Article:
Why I Didn’t Tell Anyone I Was Doing Television This Morning:

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A few months ago, the nice young publicist from my publishing company called. He’d just had a call from a producer at the TODAY show! Did I have any television clips to send them? Um, yes, just let me dust off all those VHS tapes of the sitcom I starred in during the ‘80s.

I have no television experience. In fact, I’m one of those people who, when a video camera is pointed in my direction, turns so wooden that I need to stay away from matches and make sure I’ve got a fire extinguisher stashed nearby. I’m shy. I get flustered. When telling amusing anecdotes, I frequently go off on tangents that make sense to me but, sadly, leave everyone else puzzled.

Cameras make me nervous. (They’re watching me, judging me!) I told the publicist I didn’t have any clips. He said it wasn’t a problem at all — just have my husband shoot a couple minutes of video of me talking about my book. He could even use an iPhone. Fine, I thought. Two minutes is nothing. Especially since it’s a topic I know well. Piece of cake.

Not quite.

I put on a turquoise shirt and dabbed concealer on the dark circles under my eyes (which are not, technically, circles, but semi-circles). They now looked like makeup-caked dark semi-circles. A little lipstick would brighten things up, so I smeared some on. I don’t normally wear makeup, but since this was for television, I was willing to suffer. I grinned into the mirror. A crazed woman gazed back at me. We could do this! Jeff dragged a lawn chair underneath the Camellia tree, which was in bloom with pink flowers. Perfect. I sat and Jeff bent down, holding the camera eye level. I attempted a smile, but it was more of a grimace.

“Hi, I’m ….”

I forget my name.

Take two: “Hi, I’m Sue Sanders and my book is ….”

I forget the name of my book.

Take three: I remember the title of my book, but my words get all gummed together in my mouth and everything comes out as incomprehensible gibberish.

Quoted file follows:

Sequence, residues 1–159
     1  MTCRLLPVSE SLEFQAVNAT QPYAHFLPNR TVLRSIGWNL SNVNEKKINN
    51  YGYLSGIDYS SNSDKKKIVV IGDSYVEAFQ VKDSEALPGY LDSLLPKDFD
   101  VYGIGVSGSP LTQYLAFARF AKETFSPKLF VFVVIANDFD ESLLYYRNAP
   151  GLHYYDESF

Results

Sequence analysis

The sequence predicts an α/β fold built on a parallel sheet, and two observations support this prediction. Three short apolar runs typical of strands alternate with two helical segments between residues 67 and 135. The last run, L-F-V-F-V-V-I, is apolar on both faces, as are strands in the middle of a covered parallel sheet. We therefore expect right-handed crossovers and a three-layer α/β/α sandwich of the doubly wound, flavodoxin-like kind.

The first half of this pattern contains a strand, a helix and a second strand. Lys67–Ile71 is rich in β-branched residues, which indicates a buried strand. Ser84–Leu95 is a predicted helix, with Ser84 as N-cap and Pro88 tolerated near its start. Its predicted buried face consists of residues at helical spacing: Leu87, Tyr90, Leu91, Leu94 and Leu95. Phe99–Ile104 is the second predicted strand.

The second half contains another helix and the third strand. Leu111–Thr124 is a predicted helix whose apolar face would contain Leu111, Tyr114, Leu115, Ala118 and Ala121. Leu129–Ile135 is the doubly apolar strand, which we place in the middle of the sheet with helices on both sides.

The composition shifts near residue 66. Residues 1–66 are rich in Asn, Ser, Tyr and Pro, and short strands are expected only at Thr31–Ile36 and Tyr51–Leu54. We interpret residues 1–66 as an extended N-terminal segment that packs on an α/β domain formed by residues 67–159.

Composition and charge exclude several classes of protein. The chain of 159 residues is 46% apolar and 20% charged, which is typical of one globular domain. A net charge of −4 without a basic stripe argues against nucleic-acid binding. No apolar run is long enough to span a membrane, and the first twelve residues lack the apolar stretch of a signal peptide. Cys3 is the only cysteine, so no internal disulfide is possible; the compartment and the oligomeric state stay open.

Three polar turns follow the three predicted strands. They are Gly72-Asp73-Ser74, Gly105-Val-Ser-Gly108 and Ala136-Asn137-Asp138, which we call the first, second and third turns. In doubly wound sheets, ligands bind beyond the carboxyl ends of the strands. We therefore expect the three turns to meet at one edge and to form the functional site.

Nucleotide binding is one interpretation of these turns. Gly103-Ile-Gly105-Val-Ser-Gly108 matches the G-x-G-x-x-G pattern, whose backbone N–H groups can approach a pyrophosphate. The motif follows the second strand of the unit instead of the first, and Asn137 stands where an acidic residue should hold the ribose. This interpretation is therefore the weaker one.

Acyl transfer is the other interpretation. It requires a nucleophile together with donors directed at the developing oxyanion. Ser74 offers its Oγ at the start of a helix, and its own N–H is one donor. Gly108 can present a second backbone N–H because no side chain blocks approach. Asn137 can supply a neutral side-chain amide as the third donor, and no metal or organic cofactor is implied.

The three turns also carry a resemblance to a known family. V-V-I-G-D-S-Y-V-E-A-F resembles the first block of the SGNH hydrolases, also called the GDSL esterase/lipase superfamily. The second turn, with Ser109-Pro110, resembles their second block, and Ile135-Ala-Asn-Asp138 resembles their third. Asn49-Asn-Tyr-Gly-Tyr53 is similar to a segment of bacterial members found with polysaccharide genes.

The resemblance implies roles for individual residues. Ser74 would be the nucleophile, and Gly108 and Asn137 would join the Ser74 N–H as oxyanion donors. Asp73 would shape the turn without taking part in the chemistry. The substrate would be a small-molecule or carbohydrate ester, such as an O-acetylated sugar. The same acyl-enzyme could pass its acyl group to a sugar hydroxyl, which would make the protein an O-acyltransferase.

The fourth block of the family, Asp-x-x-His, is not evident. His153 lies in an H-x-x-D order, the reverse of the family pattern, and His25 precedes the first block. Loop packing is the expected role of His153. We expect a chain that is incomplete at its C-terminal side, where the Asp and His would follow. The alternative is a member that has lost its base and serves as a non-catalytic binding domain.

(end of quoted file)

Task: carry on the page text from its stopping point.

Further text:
Take four: Beautiful! Except our neighbor decides to power-wash her fence at that particular moment. She kindly agrees to wait until we’re done. (Sidebar: we hit the neighbor jackpot.)

Take five, six, seven: Children next door play tag. They go inside. Come outside to play in their super-cool tree house. (Sidebar II: not only are all our neighbors great, they’re also very handy.)

Take eight. Forget what the hell I’m talking about.

Take nine, ten, eleven: We move to front porch and I sit in our wooden swing, flowering honeysuckle vine behind us. Not only will it be gorgeous on-camera, it smells great — aromatherapy! Except, I discover whenever I sit in a swing I will, without fail, rock gently. The video is blurry.

Take twelve: Try hard to keep porch swing still. Fail.

Take thirteen, fourteen: We return to the backyard. Stumble and slur my words. My stories run into each other and collide in fiery crashes. I no longer remember what my book is about and no longer care. I wonder why I can’t simply sit in my dark office and tap away on my keyboard. What does this publicity stuff have to do with writing? I check my Amazon numbers and realize exactly why I need publicity. No one will read a book they don’t know exists. So I become filled with existential angst. We are all just forces that are acted upon. Except acting involves cameras and cameras are sucking out my soul.

Take fifteen: Ponder why so many primitive cultures believe having photos taken steals their soul. Empathize with them. Daydream about moving in with the Toulambi of Papua, New Guinea.

Take sixteen to thirty-seven: We move around yard and then go into our house, where it’s too dark. We return to that beautiful tree. It feels right and then … wasps! A nest of wasps have made their home in the Camellia tree and they want to frolic. Like noisy little groupies, they’re drawn to Jeff.

Take thirty-eight: Start laughing hysterically.

Take thirty-nine: Stop laughing. Start sobbing.

We spent an entire day attempting — and failing — to shoot a two minute video. Jeff pieced together a few minutes into something presentable, with seams only slightly less jagged than a Frankenstein monster’s (which, by this time I was beginning to feel like). I sent it to the publicist, who sent it on to TODAY. They didn’t call.

So this morning I headed off to our local ABC affiliate, KATU, with all this going through my mind. I assumed that If I didn’t tell anyone I was going to be on television, they wouldn’t watch. Therefore, they’d never know if I made a complete ass out of myself and forgot my name.

But, as I’ve discovered (but apparently have not yet learned), if you don’t try new things, you can’t have new experiences. Ones that will make great memories or anecdotes that I can mangle. And my friends do want to know about this stuff and to support me. And true friends don’t care if you look like a stuttering moron on TV.

Also, because the host introduced me, I didn’t even need to remember my name.

KATU chatting in the morning

Late Nights

 

alarm-clockMy husband and I have had some late nights recently. This isn’t because our social life has suddenly caught fire. Instead, at the time we usually crawl into bed and fluff our pillows, we’ve been sitting by the phone, waiting for our fourteen-year old to call. The previous week has been filled with activities, all of which have ended late. Lizzie has been hanging out with friends, having dinner, going to outdoor movies, and, in general, staying out past our bedtimes. It seems like just yesterday her nights out ended around 8 or 9pm — or involved a sleepover, where it didn’t really matter when we went to sleep. Now, Jeff and I groggily watch House Hunters International and stare at the phone, willing it to ring.